Cybersecurity is a topic that can make any enterprise nervous—and the healthcare industry is no exception. According to Verizon’s 2019 Data Breach Investigations Report (DBIR), there were 466 incidents in healthcare, 304 in which data disclosure has been confirmed.
The need to comply with regulatory measures for protected health information (PHI) should keep healthcare-providing organizations awake at night. Indulging in wishful thinking that you have all the security you need, ignoring the threat in the hope that you have some kind of immunity or patching the systems you already have are inadequate approaches for any organization that handles large amounts of sensitive information.
The potential for lawsuits and steep fines for HIPAA non-compliance is considerable — and real. The Health Information Technology for Economic and Clinical Health (HITECH) Act enforces and strengthens HIPAA regulations. It raises fines for HIPAA non-compliance, enables a wide pool of required HIPAA standards and establishes incentive payment programs for the certified use of electronic health records (EHRs).
In 2018, after determining that cybersecurity in the health industry needed to align with industry standards, another layer of data oversight was added with the Health Industry Cybersecurity Practices (HICP) Act. HICP provides guidance on maintaining consistency in mitigating cybersecurity risks to patient health, business continuity and IT systems.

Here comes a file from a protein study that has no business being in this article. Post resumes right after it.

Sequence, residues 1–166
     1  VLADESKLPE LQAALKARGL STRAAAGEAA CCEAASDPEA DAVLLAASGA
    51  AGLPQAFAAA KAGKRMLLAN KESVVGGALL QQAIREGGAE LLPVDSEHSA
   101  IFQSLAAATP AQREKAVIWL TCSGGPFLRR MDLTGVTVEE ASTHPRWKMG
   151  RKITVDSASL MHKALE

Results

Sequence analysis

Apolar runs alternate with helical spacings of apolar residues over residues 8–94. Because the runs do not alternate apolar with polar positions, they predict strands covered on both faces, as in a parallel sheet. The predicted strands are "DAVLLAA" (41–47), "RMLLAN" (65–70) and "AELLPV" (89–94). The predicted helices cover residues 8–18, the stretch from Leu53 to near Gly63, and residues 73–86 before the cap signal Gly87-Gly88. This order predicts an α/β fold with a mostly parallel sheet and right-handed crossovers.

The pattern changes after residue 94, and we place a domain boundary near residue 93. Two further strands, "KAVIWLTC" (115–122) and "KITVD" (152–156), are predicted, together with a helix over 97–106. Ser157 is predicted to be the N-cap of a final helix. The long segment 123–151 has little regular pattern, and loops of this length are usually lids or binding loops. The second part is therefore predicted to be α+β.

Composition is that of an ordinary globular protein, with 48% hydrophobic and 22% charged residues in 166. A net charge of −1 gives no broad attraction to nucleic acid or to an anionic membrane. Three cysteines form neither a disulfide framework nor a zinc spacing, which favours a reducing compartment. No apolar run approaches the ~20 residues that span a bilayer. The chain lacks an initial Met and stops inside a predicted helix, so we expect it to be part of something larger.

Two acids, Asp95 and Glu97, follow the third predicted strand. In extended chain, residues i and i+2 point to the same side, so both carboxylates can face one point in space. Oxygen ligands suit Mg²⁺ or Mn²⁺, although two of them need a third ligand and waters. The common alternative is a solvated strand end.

The Ponemon Institute reported in its 2018 Cost of a Data Breach Study that the global average cost of a data breach is $3.86 million, with the average cost in the US being $7.91 million.
And the cost of a breach can be even higher.
It was reported on July 12, 2019, that a major healthcare provider agreed to a $10 million settlement on a multi-state data breach lawsuit that occurred in 2014 and went undetected until nearly a year later. The hacker gained access to 10.4 million records with highly sensitive member information, including personal contact information, member identification numbers and Social Security numbers. The court’s decision determined that the organization failed to meet minimum HIPAA security standards for PHI. That’s a big price to pay.
This story is the tip of the iceberg: The provider was warned repeatedly by its auditors that there were inadequacies in their security program, but system vulnerabilities and risk of a breach went uncorrected.